Evidence of intelligence found in Vermont

FCRA law

Evidence of intelligence found in Vermont

A new law passed in the State of Vermont displays a mistaken belief in the usual fallacies that gave rise to the ban the box campaign in the first place, but at the same time demonstrates a level of intelligence in how it goes about caving in to public pressure, doing so in a way that does not actively prevent employers from protecting their workers.

Unlike most other ban the box laws, this law does not make it illegal to inquire about a potential employee’s history completely, only to put the box on the application. So you can still inquire in person or externally. And then you must give the employee a way to contest the information, but you already have to do that anyhow. So it’s only evidence, not full on proof.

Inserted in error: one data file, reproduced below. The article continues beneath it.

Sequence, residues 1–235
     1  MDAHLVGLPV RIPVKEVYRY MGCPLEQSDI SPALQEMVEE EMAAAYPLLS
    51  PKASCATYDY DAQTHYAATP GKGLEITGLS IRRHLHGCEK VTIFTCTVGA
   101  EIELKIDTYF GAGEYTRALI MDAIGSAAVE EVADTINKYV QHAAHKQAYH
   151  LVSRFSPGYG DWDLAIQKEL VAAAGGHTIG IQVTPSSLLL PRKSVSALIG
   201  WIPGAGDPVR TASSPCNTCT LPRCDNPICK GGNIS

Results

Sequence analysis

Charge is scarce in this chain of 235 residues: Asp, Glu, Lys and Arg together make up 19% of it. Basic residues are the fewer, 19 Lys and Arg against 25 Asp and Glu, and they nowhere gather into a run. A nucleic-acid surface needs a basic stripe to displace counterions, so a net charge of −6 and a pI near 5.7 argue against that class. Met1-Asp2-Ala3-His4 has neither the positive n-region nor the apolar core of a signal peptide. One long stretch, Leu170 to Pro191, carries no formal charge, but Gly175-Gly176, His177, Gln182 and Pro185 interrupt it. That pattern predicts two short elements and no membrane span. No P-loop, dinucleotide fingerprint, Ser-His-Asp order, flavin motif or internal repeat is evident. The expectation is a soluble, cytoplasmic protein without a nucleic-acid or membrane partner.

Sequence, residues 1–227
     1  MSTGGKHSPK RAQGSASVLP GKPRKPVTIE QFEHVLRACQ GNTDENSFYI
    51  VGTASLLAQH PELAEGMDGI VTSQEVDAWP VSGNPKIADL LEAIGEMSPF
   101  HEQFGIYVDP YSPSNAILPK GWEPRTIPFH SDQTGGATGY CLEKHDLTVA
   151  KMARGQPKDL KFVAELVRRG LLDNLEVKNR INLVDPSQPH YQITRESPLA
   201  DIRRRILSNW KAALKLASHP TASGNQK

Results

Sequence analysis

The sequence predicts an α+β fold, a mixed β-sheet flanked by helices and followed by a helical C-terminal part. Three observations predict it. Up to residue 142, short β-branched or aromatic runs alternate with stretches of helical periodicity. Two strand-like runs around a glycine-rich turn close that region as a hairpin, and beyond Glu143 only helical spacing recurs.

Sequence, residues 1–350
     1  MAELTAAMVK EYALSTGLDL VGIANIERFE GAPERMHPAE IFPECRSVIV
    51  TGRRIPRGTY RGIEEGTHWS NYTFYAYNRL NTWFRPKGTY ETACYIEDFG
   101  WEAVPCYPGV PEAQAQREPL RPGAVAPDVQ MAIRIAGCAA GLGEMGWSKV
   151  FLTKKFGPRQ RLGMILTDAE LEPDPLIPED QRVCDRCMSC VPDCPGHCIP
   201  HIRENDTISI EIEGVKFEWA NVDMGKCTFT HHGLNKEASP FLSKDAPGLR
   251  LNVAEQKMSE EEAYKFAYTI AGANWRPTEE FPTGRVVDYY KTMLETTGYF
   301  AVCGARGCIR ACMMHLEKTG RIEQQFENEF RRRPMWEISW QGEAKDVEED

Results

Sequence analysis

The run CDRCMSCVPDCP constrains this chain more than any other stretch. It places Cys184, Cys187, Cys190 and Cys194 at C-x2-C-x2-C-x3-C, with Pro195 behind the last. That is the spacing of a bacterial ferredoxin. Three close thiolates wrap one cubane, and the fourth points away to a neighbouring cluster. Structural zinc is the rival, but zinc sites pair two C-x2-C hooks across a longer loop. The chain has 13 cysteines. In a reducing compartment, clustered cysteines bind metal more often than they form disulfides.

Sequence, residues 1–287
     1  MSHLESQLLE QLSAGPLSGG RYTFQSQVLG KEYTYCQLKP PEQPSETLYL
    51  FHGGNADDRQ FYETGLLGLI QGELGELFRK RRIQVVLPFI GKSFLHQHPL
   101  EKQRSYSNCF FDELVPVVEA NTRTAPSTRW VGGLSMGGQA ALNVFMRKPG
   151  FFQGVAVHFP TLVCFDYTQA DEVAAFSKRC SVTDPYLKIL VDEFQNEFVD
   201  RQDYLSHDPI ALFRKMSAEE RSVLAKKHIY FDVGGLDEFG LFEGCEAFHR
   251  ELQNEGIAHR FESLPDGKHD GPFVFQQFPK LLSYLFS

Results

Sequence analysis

Earlier I mentioned that fallacies gave rise to the law. What are these fallacies? As follows: number one, that an employer will reject an applicant purely on the basis of the box being checked off, this is a fallacy; no one didn’t get hired because they spent six hours in jail on account of a traffic stop. Number two, that employers won’t do whatever they can to found about potential dangers, and through this find a way around the law. They will. Their employees matter to them. Number three, that employers don’t give applicants a chance to contest the information, or explain it away, they do so on their own and are in fact required to so already by FCRA law.

Employers have until July 1, 2017 to comply with the law.

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